While thinking about writing a piece on an African American who inspired me, a few people came to mind: Maya Angelou, Josephine Baker, James Jamerson, and Nina Simone. It was hard for me to choose which one to write about, as they all had strong influences on myself and my music at different points of my life. But while they were all amazingly resilient individuals who rose above the hardships they endured, Nina had the most impact on me as a musician and performer.

Nina Simone, also known as the High Priestess of Soul, was a 20th-century pianist and singer who used elements of jazz, classical, and soul music to express her truth. The first song I heard of hers was “Lilac Wine,” and it was life changing from the moment the opening piano chord was struck.

 

The world immediately ceased its futile spinning with the words “I lost myself on a cool, damp night.” In the next few moments, I would know exactly where such emotions came from and experience a kind of permission to acknowledge such things in myself. This intangible element permeated her music, and came through in all of her performances.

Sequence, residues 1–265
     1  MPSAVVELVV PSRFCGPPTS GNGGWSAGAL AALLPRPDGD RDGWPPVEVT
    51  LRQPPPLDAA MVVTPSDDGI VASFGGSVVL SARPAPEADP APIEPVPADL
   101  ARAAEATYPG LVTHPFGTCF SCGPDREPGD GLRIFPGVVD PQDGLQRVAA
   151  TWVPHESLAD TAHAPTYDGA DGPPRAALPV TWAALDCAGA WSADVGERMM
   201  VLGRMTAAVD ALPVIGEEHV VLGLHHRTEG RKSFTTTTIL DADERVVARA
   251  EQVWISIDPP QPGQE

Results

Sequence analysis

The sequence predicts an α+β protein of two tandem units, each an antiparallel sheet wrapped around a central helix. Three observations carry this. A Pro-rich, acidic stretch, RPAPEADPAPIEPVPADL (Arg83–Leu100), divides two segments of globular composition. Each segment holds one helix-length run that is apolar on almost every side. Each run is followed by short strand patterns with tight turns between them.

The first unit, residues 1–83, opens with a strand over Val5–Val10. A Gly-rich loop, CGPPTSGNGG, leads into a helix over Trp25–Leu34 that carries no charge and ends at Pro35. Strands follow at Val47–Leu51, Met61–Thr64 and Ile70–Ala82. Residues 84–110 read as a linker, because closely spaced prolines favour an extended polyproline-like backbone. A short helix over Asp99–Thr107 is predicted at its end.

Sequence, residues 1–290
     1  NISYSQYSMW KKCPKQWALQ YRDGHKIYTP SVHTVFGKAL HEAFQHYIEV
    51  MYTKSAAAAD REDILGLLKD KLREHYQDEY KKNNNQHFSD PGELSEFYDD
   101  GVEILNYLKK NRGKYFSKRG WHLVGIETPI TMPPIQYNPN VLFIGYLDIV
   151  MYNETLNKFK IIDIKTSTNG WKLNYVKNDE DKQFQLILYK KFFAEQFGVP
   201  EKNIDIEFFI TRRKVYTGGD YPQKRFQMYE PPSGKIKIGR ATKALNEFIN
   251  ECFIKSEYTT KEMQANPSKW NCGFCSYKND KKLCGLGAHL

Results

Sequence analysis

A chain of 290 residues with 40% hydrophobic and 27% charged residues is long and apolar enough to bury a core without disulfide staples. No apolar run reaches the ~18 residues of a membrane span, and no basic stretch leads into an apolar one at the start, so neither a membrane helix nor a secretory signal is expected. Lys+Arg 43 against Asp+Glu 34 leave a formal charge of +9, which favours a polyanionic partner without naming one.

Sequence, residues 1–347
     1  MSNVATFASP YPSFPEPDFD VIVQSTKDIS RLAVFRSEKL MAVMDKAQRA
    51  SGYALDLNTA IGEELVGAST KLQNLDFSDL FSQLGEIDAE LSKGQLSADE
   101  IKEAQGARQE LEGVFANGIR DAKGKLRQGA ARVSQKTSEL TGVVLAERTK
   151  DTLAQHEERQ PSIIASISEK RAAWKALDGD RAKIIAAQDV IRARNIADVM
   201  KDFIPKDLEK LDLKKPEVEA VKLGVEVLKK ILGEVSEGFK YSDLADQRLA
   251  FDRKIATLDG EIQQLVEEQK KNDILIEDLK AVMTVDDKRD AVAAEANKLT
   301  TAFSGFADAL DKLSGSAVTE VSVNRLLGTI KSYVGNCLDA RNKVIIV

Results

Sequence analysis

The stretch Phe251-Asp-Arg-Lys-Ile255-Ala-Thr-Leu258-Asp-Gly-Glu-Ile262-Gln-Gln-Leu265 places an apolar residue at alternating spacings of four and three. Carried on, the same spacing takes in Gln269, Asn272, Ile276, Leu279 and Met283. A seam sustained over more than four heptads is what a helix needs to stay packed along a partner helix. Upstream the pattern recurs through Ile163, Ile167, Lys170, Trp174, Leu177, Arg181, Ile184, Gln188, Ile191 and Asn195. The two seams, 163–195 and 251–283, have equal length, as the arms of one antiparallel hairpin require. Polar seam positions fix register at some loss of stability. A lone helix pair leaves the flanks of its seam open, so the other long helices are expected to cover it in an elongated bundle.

I did finally get to see her perform in Detroit, I think just before she passed away. The moment she walked on stage, people started applauding and eventually it became a standing ovation, something that usually happens after someone has played, not before they’ve even sung a note. And it lasted quite a while. At one point towards the end of the concert, a man demanded to get on stage and tell her something. She gave her consent like the priestess that she was, and when he finally faced her, he announced in a very clear and confident voice, “I just wanted to thank you — because of you, I know how to love my wife.” And the audience exploded into applause.

To command such respect and admiration is rare, and she was a rare and glorious creature. Her music expresses that dark melancholy that exists in every woman’s heart, the anger that rages against an unfair world, and that particular kind of intense grief and heartbreak that only a woman can feel. For these things, I find her an inspiration.